We have been keeping our members updated on developments regarding privacy legislation amendments and the new Notifiable Data Breaches scheme and have received many enquiries since the scheme was introduced. Further information on the nature of the scheme and what it means for health practitioners and healthcare practices can be found on the MIGA website.¹

The Notifiable Data Breaches first quarterly report was recently released by the Office of the Australian Information Commissioner (OAIC), and it provides useful information on the state of play since the new scheme came into effect.

Following the introduction of the scheme on 22 February 2018, the OAIC reports that²:

  • There were 63 data breach notifications in the first six weeks (compared with 114 notifications in the financial year ended 30 June 2017 under the previous voluntary notification scheme).
  • 33% of all breaches were reported to involve health information, and the vast majority of breaches (78%) were reported to involve an individual’s contact information.
  • More than half of the breaches notified indicated that the cause arose from human error and just under half from malicious or criminal attack. Only 3% of breaches notified arose from system faults.
  • Health service providers were listed as the top sector in terms of notifying the OAIC of breaches, sitting at 24% of all notifications.
  • The OAIC’s acting Australian Information Commissioner and acting Privacy Commissioner, Angelene Falk, said these results highlight “the importance of implementing robust privacy governance alongside a high-standard of security. The risk of a data breach can be greatly reduced by implementing practices such as Privacy Impact Assessments, information security risk assessments, and training for any staff responsible for handling personal information”.

MIGA considers it is an opportune time for health practitioners and healthcare practices to review their information security standards and ensure compliance with the Australian Privacy Principles (APP). In particular, an APP entity that holds personal information must take “reasonable steps” to protect the information from misuse, interference and loss, as well as unauthorised access, modification or disclosure.³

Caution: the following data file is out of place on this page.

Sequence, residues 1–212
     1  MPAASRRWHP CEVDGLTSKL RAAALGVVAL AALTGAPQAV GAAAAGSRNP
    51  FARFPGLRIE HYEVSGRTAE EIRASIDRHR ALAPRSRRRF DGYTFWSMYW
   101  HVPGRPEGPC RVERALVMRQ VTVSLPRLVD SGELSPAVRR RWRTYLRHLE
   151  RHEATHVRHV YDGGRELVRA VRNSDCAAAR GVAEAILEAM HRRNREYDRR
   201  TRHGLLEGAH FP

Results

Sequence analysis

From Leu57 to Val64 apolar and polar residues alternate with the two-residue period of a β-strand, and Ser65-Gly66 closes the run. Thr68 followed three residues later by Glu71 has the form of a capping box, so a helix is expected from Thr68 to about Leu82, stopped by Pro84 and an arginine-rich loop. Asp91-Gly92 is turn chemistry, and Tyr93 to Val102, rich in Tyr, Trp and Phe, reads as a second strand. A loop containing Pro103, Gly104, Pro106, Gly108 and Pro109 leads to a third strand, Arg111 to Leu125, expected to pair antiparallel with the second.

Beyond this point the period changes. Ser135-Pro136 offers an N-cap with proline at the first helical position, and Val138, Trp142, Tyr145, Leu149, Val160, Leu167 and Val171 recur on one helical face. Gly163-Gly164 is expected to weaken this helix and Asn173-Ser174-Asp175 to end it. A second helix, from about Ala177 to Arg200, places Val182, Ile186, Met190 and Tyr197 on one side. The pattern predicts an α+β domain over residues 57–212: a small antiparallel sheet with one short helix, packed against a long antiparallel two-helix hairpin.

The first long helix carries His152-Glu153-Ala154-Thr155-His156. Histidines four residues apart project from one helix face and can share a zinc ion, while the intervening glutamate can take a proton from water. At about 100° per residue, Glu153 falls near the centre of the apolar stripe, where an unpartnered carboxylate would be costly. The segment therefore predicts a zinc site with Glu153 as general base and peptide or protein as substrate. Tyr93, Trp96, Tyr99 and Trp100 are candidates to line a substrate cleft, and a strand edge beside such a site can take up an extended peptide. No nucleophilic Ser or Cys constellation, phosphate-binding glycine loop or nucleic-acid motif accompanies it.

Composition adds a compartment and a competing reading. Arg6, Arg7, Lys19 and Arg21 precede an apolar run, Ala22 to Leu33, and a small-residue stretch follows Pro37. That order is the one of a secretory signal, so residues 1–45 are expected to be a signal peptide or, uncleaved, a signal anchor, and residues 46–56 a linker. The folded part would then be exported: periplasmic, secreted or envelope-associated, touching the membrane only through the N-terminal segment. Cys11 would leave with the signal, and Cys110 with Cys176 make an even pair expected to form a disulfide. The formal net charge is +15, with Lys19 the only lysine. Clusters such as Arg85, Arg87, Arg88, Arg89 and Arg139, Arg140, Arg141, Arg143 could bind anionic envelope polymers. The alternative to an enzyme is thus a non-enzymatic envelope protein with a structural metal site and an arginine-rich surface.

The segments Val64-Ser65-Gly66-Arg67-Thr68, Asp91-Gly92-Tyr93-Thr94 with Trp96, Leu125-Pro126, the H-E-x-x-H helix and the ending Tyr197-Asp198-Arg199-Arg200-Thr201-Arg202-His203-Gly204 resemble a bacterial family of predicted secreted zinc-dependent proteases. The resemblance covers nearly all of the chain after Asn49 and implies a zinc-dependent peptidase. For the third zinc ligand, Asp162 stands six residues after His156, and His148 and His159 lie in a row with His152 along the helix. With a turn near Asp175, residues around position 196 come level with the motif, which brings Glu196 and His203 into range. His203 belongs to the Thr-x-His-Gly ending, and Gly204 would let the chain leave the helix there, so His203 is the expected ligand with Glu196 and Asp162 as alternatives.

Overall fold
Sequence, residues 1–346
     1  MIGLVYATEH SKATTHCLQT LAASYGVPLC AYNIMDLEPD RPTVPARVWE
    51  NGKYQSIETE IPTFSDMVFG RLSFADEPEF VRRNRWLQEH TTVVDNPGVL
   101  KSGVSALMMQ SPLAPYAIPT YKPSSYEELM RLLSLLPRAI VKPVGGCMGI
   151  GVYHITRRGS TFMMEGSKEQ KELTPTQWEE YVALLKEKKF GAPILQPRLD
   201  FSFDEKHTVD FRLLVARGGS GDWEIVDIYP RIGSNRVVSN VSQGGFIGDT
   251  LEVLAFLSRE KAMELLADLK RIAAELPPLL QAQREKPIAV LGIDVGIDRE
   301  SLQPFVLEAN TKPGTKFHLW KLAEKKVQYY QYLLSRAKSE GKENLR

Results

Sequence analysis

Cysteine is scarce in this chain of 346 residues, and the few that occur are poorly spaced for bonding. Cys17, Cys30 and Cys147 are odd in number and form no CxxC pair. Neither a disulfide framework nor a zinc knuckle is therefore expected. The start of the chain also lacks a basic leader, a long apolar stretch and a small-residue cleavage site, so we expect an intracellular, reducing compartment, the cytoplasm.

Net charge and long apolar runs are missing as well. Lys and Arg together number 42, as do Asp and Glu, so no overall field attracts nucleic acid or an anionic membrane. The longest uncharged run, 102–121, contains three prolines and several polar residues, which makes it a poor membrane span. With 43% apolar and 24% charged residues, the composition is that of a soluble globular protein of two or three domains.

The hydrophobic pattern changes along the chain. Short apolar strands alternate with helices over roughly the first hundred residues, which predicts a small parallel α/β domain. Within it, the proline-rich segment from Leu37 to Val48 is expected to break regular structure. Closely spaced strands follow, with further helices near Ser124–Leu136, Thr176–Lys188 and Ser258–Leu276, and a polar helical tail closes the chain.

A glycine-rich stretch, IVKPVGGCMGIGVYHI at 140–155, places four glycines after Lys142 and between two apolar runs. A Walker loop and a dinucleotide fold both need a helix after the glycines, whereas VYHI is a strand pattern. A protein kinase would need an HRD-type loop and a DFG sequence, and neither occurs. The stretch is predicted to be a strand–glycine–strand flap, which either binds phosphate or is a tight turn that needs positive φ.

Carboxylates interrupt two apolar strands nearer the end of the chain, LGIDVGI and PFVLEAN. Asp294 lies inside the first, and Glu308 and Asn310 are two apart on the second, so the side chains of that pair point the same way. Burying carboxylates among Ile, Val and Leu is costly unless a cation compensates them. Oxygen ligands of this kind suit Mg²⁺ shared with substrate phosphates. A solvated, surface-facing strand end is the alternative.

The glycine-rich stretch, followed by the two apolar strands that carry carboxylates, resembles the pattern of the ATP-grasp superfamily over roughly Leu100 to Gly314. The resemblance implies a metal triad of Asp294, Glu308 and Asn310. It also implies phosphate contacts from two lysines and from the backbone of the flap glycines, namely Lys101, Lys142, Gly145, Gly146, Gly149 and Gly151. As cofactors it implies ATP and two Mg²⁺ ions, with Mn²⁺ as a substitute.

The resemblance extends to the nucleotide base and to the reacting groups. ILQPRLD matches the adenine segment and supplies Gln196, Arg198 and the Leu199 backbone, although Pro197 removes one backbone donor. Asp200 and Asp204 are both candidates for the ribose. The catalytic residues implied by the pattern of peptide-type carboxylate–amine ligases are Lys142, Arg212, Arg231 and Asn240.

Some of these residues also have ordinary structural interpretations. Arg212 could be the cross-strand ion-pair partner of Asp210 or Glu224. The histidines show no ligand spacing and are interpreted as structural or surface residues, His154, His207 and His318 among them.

The RACGP has recently released a new policy on Information Security in General Practice.4

Some of the key points to think about include:

  • Practices should have information security policies which are known, accessible and remain up-to-date.
  • Use access controls for practice staff, providing only the necessary access to data to enable work to be undertaken.
  • Undertake risk assessments of security controls and have a business continuity plan which covers information recovery.
  • Have resilient back-up and restoration processes and regularly update software.
  • Have policies around e-mail, practice website and other secure messaging use.
  • Have a policy on using mobile devices for clinical and business purposes – devices should be password protected, use data encryption where possible and should not be used to send or access sensitive data on public or unsecure networks.

Further Resources
OAIC – Notifiable Data Breaches scheme

If you are unclear about your privacy obligations or need to consider a mandatory data breach notification, please contact our Claims & Legal Services team.

3 See Australian Privacy Principle 11, which can be accessed at: www.oaic.gov.au/agencies-and-organisations/app-guidelines/chapter-11-app-11-security-of-personal-information

Other resources

  1. OAIC – Notifiable Data Breaches scheme

    Get more information about the scheme

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